Nov 1, 2017

One of the first documents your lender will want to see are pay stubs reflecting the most recent 30 days of income.

A pay stub is an attachment to each pay check that describes the details of an employee's pay.  It will list the hours worked during that pay period and the rate of pay.  It will list deductions to pay (federal income taxes, social security tax, Medicare, health insurance, and other deductions).  And it will typically provide year-to-date information in each of these categories.

Example of a Pay Stub

Your loan officer will use your pay stubs to determine your current income.  Your pay stubs will also give the lender clues about how much you work and how you are paid.  Do you work 40 hours every week or do your hours vary?  Are you salaried or hourly?  Does the net amount of your pay check match the deposit on your bank statements?  Do you receive overtime or bonuses in addition to your regular income?  Are there deductions to your pay for things like alimony or child support?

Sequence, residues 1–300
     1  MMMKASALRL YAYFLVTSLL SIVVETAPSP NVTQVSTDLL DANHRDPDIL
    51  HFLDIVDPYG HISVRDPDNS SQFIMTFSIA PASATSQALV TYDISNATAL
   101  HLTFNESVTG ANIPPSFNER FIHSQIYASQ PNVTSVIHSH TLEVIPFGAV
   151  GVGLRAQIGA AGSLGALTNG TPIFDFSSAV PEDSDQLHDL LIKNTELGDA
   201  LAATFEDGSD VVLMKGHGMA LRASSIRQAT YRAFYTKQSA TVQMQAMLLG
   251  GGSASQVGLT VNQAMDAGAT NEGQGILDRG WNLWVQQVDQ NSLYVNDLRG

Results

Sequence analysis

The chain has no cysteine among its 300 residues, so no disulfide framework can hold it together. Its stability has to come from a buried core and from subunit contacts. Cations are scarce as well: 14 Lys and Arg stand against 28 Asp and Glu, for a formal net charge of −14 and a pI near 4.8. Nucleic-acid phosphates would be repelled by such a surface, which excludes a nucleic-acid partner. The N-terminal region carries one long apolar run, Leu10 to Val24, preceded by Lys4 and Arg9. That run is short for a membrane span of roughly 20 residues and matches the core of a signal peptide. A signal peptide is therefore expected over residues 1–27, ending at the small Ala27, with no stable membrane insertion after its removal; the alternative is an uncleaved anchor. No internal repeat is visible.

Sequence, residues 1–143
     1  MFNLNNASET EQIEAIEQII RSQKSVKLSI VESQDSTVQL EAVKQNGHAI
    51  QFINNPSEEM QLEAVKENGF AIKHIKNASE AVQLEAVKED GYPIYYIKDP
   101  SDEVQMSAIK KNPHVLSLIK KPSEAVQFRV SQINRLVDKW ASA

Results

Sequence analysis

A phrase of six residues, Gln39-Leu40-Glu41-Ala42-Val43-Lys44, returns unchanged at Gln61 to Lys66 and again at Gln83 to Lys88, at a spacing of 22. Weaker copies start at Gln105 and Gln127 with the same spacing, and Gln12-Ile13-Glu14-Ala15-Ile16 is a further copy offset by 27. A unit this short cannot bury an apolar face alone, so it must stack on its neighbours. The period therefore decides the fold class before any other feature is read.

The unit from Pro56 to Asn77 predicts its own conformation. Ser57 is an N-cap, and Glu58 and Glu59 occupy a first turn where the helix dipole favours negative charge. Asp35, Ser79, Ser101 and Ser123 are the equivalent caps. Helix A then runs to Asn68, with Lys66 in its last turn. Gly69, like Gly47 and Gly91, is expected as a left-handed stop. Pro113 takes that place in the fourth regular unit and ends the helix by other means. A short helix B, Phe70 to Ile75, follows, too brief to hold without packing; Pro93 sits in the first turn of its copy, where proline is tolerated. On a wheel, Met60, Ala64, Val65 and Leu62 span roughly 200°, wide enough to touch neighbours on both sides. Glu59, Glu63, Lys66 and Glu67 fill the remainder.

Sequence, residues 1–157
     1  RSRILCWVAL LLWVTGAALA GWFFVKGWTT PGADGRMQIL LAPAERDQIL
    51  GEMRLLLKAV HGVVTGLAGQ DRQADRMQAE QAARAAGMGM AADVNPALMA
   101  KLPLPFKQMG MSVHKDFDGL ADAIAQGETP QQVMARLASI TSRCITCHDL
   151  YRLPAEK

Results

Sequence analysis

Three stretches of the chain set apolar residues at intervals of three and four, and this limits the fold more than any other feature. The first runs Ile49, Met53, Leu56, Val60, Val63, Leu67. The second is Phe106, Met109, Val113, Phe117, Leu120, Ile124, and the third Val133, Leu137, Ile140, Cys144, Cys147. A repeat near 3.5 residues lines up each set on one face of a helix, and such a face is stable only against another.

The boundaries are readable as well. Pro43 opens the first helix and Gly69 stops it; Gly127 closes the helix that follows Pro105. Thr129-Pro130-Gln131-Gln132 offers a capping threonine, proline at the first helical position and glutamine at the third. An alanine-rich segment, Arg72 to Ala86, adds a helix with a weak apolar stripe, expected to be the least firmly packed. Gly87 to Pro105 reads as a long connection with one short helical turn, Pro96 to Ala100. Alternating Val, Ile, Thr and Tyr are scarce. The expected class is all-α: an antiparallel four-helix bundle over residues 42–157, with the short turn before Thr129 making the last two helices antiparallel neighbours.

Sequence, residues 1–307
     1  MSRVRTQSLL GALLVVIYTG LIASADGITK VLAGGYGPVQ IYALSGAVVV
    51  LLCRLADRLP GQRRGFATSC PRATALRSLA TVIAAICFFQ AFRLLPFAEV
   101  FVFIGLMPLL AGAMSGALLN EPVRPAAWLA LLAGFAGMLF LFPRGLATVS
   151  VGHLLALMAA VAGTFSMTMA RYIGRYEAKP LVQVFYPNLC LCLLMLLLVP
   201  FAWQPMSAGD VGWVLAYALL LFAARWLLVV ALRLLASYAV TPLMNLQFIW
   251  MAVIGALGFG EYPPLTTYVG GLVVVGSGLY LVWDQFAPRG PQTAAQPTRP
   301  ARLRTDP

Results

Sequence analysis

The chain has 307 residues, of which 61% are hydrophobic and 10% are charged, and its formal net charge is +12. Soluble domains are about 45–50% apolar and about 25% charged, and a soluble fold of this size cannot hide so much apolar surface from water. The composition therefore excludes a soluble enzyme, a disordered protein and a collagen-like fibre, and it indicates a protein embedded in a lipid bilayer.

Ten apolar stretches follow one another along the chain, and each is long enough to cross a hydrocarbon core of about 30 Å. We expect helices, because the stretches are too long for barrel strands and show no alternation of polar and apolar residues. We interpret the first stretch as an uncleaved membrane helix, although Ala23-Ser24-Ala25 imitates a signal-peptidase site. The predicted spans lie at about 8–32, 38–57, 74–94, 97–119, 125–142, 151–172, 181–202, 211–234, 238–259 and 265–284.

You probably don’t receive a physical pay check.  Most employees have their pay checks direct deposited into their bank accounts.  Therefore, you probably won’t receive a physical pay stub with each check.  But they are still generated.  Check on your company’s HR web site for pay stubs, pay statements, or pay vouchers.  If you’re still not finding them, call your HR representative.

Pay stubs are only applicable for employees.  If you’re self-employed, you won’t have pay stubs.  If you’re retired, we don’t need pay stubs either.